The Winning of Brisingamen

By Diana Paxson

The forgelight fades.  The hammering is stilled.
The weary dwarf-smiths straighten; tired eyes
Rise from the glory that their skill has wrought
To her who willed it.  Proud, the goddess bends,
Lifting with white arms her golden hair.

With trembling hands, around her swan-smooth throat
The dwarf-king clasps the warm and heavy gold.
The goddess turns.  She gazes with desire
into the mirror, sways, refracting light
Across the fluttering shadows.  Freya’s hair
Shines not so brightly as the collar’s gold.

Yet as she moves, her firm breasts mold her gown.
The dwarves’ eyes glow like coals from their own forge.
Their chieftain bows.  “The task you set is done,
The necklace yours.  Now, Lady, you must pay. . .”

She laughs.  “And think you I will break my word?”

He slowly answers, “until your fair feet
Brought beauty to these depths, of all the gods,
Loki alone came here.  He told a tale–
How Odin bargained once to build Valhall.
Your body was the price, a payment claimed
Unwilling, and reclaimed by trickery.
But Odin One-Eye cannot see you now.
The price you freely offered must be paid.”

Once more he feels her glance, once more she laughs.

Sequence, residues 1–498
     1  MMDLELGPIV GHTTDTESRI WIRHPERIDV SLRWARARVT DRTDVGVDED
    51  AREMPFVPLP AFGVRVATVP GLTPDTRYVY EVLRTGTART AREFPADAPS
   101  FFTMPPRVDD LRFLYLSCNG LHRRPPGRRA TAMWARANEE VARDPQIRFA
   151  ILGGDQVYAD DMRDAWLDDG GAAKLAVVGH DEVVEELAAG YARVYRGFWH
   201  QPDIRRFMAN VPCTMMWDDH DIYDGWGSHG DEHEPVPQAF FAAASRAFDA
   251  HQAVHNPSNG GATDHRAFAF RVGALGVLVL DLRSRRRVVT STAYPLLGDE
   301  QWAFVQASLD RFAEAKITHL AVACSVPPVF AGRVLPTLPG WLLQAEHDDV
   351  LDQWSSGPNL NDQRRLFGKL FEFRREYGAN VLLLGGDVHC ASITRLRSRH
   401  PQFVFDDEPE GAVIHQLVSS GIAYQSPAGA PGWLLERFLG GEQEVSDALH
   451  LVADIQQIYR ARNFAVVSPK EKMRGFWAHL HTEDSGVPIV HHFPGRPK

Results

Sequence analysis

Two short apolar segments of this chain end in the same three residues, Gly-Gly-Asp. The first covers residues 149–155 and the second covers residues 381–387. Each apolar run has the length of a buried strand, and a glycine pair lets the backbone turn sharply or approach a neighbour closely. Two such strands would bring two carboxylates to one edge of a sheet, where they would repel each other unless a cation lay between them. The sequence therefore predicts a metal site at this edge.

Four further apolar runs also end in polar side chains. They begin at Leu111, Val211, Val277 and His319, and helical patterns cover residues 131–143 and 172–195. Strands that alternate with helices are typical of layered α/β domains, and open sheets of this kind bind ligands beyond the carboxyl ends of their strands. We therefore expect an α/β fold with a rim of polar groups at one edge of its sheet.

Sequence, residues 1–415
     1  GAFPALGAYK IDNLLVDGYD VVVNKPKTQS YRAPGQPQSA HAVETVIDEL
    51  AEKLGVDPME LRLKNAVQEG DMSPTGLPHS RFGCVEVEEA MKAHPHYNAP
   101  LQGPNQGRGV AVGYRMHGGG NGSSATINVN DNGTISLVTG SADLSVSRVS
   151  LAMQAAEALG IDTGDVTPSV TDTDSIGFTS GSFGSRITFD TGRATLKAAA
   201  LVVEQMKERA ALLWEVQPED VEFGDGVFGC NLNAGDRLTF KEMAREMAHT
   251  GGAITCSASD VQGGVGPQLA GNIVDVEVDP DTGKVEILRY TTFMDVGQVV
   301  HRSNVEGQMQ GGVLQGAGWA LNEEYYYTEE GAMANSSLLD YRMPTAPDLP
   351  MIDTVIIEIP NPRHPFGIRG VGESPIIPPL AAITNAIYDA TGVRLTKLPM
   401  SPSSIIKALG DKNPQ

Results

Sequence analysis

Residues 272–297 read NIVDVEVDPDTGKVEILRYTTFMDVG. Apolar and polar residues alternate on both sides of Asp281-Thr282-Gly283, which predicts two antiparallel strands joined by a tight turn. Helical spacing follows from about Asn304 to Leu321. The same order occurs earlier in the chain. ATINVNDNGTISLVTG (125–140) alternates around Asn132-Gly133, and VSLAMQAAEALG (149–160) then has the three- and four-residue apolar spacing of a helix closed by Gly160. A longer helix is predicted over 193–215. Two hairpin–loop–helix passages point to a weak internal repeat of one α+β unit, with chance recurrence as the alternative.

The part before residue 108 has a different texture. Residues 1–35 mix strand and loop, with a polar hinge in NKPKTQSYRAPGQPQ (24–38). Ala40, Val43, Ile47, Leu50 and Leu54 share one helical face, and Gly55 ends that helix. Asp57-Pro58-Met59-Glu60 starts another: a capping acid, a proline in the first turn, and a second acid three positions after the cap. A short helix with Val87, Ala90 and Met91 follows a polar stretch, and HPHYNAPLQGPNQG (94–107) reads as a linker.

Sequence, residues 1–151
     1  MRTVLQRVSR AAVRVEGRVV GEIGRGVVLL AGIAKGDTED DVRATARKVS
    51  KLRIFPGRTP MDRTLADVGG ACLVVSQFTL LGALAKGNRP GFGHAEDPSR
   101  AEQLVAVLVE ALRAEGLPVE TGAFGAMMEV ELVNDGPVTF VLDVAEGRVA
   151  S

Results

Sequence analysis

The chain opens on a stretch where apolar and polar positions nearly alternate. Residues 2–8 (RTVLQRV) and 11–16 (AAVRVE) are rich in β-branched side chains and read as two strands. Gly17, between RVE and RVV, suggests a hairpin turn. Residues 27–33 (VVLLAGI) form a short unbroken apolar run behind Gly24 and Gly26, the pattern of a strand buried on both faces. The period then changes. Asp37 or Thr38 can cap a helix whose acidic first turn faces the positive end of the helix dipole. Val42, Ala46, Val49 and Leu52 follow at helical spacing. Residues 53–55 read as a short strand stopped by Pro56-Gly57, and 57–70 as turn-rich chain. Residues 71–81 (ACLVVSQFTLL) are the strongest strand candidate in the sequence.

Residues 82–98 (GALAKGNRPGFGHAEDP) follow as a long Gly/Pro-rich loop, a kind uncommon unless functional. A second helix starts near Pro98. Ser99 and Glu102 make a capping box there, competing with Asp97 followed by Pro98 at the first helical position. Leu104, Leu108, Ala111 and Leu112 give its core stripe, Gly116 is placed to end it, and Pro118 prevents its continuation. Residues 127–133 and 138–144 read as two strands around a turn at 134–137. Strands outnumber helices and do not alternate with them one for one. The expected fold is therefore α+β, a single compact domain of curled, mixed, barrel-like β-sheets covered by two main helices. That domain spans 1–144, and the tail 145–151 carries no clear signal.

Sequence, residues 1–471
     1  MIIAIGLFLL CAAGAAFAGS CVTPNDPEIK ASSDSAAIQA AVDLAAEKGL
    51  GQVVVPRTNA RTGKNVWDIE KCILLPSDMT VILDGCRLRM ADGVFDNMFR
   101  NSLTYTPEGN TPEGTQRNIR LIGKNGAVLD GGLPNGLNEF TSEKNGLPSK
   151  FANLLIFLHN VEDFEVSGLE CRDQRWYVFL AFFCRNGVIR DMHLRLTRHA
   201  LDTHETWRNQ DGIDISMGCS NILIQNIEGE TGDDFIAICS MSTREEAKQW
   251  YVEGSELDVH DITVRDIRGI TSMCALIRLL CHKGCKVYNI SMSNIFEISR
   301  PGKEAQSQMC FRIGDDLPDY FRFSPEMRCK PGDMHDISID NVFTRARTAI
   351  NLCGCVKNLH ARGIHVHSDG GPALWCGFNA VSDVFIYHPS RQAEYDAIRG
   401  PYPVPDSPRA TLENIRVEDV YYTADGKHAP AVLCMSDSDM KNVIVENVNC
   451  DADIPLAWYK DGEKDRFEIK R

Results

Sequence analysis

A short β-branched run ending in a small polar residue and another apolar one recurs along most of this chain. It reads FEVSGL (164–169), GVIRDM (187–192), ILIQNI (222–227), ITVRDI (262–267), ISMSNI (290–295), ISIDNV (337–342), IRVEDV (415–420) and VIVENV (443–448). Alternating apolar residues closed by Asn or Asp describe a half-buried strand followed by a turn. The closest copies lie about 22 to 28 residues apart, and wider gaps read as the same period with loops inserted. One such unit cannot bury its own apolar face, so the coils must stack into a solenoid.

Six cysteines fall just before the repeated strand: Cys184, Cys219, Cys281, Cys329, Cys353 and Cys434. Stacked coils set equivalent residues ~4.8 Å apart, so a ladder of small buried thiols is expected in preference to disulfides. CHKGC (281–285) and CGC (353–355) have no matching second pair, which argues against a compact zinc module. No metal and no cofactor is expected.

The myriad pendants of Brisingamen
Chime golden echoes in the heavy air.
“when I was giants’ prey, I’d cause to fear,
Yet I, who have taught love to gods and men,
Faced their great strength until I conquered them.
What I have promised I will surely pay–
Oh little ones– if you can take my coin!”
Smiling at her reflection in the bronze,
She thinks how goddesses will envy her,
Anticipates the lust of feasting gods.

The dwarf’s voice grates, his teeth flash in his beard.
“You may be Mistress of the arts of Love,
but we are workmen who respect our craft.
We try no task without the proper tool!”

Their eyes are burning brighter than the fire;
They loose and let their leathern aprons fall.
The goddess sees, and smiles.  In the still air
They hear the silken slither of her gown.

Swiftly the secret hours of darkness pass,
And though the cavern’s endless night goes on,
Soon, in the world above, the rising sun
Turns dew-pearled meadows into living gold.

The goddess rises, stretching like a cat.
Her debt is paid.  Upon the shadowed stone
Her white feet, retreating, make no sound.
Spent, upon the skins her lovers lie.
In dreams their longing follows her where flowers
Fill Freya’s footsteps.  Shining in their eyes
Her image lingers.  On her snowy breast
Their necklace sparkles in the morning sun.

(Diana Paxson, 1977)

2 thoughts on “The Winning of Brisingamen

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